Sacramento, Calif. (PRWEB) September 27, 2013
With children back at school and fall sports underway, the California Dental Association is encouraging parents and children to “rethink your drink” before reaching for a sugary sports drink or juice.
“Athletes often think they need more than just water to rehydrate during or after an activity, but water is adequate for most hydration needs. And what many don’t realize is that drinking those sugar-filled sports drinks or juices can contribute to irreversible dental erosion, tooth decay and dental pain,” said CDA President Lindsey Robinson, DDS, a pediatric dentist.
A 32-ounce sports drink can contain up to 14 teaspoons of sugar while a 20-ounce soda often has more than 16 teaspoons of sugar. Drinking these types of sugar-loaded beverages can increase the risk of tooth decay by giving bacteria in the mouth sugar to feed on, which then produces acid that attacks the teeth and weakens enamel.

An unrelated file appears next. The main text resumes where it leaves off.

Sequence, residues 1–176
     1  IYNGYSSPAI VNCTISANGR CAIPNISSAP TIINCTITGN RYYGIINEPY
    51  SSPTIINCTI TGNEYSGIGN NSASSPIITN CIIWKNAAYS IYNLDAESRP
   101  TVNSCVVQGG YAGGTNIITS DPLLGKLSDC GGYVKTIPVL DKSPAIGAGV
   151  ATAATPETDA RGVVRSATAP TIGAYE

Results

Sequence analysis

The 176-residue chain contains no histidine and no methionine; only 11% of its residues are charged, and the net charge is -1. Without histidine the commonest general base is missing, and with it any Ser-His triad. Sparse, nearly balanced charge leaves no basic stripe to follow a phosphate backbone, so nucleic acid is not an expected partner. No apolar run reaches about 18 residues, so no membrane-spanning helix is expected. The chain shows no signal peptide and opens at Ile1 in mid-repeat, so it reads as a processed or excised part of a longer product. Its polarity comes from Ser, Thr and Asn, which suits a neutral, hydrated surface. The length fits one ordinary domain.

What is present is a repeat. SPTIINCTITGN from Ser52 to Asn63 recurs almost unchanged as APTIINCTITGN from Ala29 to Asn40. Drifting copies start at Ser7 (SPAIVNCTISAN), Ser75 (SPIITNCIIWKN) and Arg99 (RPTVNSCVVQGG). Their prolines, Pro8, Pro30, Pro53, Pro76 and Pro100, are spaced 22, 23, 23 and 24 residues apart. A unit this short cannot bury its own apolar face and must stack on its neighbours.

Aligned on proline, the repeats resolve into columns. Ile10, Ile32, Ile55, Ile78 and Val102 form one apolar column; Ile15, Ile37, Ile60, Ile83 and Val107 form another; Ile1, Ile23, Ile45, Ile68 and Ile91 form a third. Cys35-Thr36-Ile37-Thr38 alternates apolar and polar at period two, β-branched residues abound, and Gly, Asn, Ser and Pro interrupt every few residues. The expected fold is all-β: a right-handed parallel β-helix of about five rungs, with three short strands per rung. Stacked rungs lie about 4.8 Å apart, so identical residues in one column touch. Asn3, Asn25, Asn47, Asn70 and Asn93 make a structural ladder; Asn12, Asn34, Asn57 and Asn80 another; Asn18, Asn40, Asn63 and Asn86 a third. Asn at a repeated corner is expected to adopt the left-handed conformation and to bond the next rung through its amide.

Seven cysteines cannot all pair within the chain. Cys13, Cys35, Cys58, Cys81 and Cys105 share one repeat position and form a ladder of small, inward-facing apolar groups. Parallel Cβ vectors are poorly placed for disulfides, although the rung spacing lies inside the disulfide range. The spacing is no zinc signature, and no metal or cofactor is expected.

“If you are going to have a sweetened beverage, try to drink it with a meal to limit the exposure time to your teeth,” said Robinson.
CDA advises choosing water or low-fat milk over sugar-laden drinks like soda, juice, fruit punch, energy drinks or sports drinks. Drinking water can also help keep gums hydrated and rinse away food particles that would otherwise stay in the mouth aiding in the bacterial growth that causes decay.
Most importantly, CDA reminds parents and children to protect teeth throughout the year by brushing for two minutes, twice a day with fluoride toothpaste, flossing regularly and visiting a dentist for a complete dental checkup on a regular basis.
About the California Dental Association
The California Dental Association is the non-profit organization representing organized dentistry in California. Founded in 1870, CDA is committed to the success of our members in service to their patients and the public. CDA also contributes to the oral health of Californians through various comprehensive programs and advocacy. CDA’s membership consists of more than 25,000 dentists, making it the largest constituent of the American Dental Association. For more information, visit cda.org.